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Diet and cancer

Learn more about your diet and how it can raise or lower your risk of developing cancer.

Note: There are links to external websites on this page. The Irish Cancer Society is not responsible for the contents of external websites.

An unhealthy diet increases your risk of cancer

The food and drink that you consume regularly make up your diet. It is hard to study the effects of diet on cancer because your diet includes foods that may protect you against cancer and foods that may increase your risk of cancer. The genes you inherit can also affect the way your diet influences your cancer risk.

Researchers have to carry out very large studies to see which specific foods influence our risk of cancer. Many of these studies are ongoing and are starting to provide us with clearer answers.

Looking at current scientific evidence, it is reasonable to link parts of our diet with cancer of the bowel, breast, mouth, oesophagus (foodpipe) and stomach

Eat your way to good health

Your diet has a powerful effect on your health, including your chance of getting cancer. But we don’t blame you if you feel confused by all the different messages you hear about what to eat and what not to eat. When all is said and done, you can reduce your risk of cancer by eating a healthy, balanced diet. This means that your diet is:  

  • Rich in fruit and vegetables
  • High in fibre
  • Low in red and processed meat, saturated fat and salt

You can start to eat your way to good health at any time, from childhood to old age. No matter when you start, you will begin to be healthier. And eating your way to good health doesn’t just protect you against cancer and other diseases. It will also provide you with lots more energy and the key ingredients for looking and feeling great at any age.

The five fundamentals of healthy eating

The five fundamentals of healthy eating will set you on the right path to reducing your cancer risk and eating your way to good health. It is also important to remember that a healthy diet will help you to maintain a healthy body weight, which can itself reduce the risk of many cancers.

The five fundamentals of healthy eating are:

  1. Go bananas for fruit and veg
  2. Fill up on fibre
  3. Red alert on red and processed meat
  4. Think before you chew the fat
  5. Don’t take it with a pinch of salt

Click here for much more information on the five fundamentals of healthy eating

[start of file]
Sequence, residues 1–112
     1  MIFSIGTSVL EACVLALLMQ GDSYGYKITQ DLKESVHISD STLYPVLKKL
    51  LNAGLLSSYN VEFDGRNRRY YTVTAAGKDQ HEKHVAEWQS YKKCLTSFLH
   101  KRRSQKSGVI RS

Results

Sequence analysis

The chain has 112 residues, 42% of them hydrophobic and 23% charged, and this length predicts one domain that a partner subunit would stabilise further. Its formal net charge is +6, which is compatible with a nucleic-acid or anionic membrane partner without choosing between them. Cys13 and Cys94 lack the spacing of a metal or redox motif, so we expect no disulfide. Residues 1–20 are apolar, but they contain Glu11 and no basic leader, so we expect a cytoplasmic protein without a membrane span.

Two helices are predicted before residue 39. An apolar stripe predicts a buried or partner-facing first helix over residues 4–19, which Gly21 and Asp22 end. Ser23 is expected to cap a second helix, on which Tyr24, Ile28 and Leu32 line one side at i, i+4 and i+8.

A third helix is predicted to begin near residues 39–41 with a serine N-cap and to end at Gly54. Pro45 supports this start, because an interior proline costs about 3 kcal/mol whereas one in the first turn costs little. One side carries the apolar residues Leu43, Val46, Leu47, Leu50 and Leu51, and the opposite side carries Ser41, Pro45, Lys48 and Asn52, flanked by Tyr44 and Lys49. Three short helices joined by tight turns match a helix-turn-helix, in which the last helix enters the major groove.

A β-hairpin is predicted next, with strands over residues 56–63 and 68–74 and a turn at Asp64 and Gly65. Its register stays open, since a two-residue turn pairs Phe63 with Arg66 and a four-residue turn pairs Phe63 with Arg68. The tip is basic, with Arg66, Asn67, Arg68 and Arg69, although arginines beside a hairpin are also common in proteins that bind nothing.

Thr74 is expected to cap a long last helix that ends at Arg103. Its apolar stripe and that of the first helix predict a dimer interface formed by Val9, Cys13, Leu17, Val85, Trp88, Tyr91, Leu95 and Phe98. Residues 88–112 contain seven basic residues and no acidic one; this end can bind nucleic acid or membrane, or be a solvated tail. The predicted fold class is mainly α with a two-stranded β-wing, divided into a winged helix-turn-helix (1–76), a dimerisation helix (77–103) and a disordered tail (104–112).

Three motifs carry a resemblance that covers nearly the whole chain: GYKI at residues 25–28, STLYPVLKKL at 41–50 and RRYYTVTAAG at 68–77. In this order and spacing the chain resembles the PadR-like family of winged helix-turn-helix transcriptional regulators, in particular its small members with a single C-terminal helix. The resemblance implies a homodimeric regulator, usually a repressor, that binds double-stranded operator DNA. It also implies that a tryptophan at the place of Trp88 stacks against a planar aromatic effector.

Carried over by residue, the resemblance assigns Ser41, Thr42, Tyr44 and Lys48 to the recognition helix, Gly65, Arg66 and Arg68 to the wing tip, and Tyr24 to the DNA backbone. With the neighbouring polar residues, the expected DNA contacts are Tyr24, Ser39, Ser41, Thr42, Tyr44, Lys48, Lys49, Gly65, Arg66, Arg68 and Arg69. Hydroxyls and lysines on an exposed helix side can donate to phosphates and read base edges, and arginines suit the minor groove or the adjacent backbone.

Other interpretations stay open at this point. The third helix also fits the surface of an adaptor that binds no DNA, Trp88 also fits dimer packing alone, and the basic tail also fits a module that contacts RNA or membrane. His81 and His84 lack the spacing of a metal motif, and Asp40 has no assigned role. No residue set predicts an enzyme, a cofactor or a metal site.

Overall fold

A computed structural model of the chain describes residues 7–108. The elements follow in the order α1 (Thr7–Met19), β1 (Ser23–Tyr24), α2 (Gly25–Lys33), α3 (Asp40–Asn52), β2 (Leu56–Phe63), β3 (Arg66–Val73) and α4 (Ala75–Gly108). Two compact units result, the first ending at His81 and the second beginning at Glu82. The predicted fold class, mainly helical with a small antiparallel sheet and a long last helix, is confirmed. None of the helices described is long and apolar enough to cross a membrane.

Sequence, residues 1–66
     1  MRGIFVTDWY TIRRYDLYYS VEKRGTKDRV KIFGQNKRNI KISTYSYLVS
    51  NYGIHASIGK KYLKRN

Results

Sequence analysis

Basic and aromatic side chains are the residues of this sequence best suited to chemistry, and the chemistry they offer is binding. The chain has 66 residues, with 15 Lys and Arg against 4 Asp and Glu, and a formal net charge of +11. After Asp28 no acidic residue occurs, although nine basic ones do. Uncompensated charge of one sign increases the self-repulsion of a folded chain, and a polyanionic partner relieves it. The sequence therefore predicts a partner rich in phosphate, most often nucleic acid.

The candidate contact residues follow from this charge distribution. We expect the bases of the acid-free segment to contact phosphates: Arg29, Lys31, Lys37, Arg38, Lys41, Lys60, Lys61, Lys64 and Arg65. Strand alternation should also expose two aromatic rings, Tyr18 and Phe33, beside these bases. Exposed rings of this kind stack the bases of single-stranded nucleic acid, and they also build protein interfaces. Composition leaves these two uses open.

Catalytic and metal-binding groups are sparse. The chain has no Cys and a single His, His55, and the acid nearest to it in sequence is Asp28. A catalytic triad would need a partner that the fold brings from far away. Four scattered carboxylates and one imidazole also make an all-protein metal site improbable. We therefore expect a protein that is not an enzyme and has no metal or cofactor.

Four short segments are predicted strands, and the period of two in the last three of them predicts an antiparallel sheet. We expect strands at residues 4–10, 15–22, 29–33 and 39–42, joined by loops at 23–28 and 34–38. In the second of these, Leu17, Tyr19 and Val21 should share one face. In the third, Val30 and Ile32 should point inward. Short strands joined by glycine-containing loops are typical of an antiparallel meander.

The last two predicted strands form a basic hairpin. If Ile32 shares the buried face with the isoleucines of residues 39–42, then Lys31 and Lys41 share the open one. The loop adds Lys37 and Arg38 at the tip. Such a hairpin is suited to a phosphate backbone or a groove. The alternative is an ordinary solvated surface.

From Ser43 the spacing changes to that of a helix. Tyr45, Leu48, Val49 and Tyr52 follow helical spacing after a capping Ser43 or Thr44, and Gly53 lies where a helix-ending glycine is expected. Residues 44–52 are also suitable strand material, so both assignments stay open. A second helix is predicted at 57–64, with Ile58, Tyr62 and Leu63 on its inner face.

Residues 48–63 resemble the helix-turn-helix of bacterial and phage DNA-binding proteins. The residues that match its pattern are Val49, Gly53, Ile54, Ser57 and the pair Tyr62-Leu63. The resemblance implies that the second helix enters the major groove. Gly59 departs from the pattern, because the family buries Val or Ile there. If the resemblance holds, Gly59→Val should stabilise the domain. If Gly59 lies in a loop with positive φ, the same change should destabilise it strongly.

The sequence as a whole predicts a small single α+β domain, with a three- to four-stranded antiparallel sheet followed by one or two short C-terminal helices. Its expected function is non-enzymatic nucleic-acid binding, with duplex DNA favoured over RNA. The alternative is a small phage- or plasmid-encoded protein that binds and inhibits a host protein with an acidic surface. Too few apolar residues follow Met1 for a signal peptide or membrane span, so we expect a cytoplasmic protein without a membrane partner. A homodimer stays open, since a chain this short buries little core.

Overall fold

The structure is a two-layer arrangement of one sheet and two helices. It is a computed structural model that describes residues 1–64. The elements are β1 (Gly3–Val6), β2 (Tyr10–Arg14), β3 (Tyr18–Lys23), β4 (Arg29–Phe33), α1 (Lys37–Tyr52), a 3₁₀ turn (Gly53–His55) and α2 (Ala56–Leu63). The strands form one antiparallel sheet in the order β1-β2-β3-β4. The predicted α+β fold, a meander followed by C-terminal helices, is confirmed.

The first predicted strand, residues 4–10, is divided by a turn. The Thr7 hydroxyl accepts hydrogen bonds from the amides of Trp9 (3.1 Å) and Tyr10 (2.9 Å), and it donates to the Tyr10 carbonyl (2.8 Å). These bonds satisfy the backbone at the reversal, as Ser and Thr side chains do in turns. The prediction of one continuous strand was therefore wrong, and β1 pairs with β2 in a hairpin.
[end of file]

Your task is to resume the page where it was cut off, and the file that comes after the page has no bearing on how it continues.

Look at the label

Be careful when reading claims on food packaging as they can be misleading. For example, ‘light’ or ‘reduced fat’ food may have less fat than a similar product but they can still be high in fat or sugar. Looking carefully at food labels can help you to make better choices. Safefood has produced this booklet of guidelines to help you (pdf, 233KB).

Dietary supplements and ‘superfoods’

The best source of nourishment is food and drink, not dietary supplements. You can get all the nutrients you need from a healthy, balanced diet. Unless your doctor or dietician suggests supplements, you do not need them.

Likewise, there are often stories in the media about specific foods or so-called ‘superfoods’ that are meant to be particularly good for us. But you should not rely on superfoods to reduce your risk of cancer. Nothing beats a healthy, balanced diet.

Healthy recipes

101 Square Meals

101 Square Meals is a low-cost, healthy-eating cookery book supported by MABS, Safefood and the HSE. You can:

Further information on healthy eating

The HSE and the Department of Health and Children have produced  The National Health Eating Guidelines, which define the Irish Government recommendations on healthy eating and a balanced diet.  They provide a consistent and evidence-based approach for healthy eating advice https://www.hse.ie/eng/about/who/healthwellbeing/our-priority-programmes/heal/healthy-eating-guidelines/ 

Irish Nutrition and Dietetic Institute www.indi.ie

For more information

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1800 200 700

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